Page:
Reading about Personal Data security online

The data of 114 million businesses and individuals has been discovered in an unprotected database. The information exposed included the full name, employer, email, address, phone number and IP address of 56,934,021 individuals, and the revenues and employee counts for up to 25 million business entities.

Hackenproof, the Estonian cybersecurity company that found the data trove online, announced their discovery on their blog. The data was found on Shodan, an IoT-centric search engine that allows users to look up and access “power plants, Smart TVs, [and] refrigerators.” Shodan’s most popular search terms include “unprotected webcams” and “routers with default passwords.” (Side note: always change the default password on your devices.)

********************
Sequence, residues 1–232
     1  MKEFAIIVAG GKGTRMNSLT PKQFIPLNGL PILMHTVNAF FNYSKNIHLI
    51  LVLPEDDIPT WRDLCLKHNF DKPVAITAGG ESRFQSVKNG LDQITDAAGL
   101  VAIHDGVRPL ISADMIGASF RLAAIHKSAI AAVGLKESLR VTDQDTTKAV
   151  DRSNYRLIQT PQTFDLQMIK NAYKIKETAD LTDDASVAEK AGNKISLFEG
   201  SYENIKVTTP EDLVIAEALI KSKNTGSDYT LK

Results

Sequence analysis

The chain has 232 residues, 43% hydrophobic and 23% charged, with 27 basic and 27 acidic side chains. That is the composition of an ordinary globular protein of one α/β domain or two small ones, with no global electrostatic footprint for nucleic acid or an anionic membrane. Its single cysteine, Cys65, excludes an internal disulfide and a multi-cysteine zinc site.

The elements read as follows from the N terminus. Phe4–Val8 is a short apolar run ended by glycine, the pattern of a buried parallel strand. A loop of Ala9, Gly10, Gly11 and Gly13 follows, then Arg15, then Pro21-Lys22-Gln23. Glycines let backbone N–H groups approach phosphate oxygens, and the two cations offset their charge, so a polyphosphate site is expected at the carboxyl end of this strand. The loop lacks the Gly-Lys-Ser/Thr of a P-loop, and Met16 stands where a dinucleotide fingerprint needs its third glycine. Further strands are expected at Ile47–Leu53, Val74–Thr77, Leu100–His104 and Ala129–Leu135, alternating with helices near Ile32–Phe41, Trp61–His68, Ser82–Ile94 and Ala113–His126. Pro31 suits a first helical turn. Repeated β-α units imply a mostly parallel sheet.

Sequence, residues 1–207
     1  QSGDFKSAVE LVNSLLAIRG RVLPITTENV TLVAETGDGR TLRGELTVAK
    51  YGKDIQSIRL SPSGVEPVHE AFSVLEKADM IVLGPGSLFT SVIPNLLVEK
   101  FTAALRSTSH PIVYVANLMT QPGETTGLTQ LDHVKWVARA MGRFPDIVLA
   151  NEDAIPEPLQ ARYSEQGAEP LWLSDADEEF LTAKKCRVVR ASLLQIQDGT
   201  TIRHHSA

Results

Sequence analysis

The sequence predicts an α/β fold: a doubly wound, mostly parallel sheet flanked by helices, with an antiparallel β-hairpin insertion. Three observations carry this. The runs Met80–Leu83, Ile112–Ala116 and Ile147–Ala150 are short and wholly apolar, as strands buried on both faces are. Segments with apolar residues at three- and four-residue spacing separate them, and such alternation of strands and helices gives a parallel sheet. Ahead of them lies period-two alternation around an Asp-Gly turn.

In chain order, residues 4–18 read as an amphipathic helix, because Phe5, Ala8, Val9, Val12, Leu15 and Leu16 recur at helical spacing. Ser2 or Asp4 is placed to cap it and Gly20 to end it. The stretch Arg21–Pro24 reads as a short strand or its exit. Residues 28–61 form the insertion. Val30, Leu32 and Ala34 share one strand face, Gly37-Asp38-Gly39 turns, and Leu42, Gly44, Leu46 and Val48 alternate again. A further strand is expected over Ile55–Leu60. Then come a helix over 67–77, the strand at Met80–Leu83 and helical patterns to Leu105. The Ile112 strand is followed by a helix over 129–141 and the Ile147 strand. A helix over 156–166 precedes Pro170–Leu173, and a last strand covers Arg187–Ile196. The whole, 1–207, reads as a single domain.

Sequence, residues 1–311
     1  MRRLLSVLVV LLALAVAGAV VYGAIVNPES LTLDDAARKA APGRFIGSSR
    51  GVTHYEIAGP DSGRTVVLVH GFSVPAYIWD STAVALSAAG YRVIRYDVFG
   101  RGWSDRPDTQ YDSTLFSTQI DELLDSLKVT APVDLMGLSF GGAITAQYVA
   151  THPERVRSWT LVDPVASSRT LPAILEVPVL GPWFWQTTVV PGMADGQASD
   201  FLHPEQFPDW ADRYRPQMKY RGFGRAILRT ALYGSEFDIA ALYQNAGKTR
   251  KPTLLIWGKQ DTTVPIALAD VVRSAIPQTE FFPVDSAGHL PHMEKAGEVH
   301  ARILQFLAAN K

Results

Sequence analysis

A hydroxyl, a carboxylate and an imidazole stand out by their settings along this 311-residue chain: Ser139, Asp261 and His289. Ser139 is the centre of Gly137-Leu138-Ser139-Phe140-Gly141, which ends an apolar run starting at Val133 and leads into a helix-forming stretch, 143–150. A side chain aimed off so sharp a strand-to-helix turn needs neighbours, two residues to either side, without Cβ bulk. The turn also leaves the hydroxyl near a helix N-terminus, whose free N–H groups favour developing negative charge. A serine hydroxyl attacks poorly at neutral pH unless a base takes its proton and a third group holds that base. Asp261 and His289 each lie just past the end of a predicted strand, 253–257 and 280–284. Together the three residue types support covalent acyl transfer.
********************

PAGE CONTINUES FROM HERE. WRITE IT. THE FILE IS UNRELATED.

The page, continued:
The data is thought to have originated from Data&Leads, Inc., which promptly took down their entire website as soon as the exposure was made public. A cached version of the company’s website shows that it promised “access to our massive in-house data collection, as well as one of the largest data supplier networks of any data or lead company.”

The data was exposed due to a misconfiguration of Elasticsearch, an open-source search engine technology. Similar misconfigurations have provided a bounty of other recent incidents, including:

The information made available from the Data&Leads leak, while not necessarily directly leading to breaches or identity theft for those exposed, can easily be exploited in combination with other information available on the dark web, or via phishing scams.

The reality of a legitimate company like Hackenproof scouring Shodan and Elasticsearch for unprotected record would suggest the strong possibility that hackers are out there trying to do the same. The takeaway? Secure your accounts and practice good data hygiene accordingly.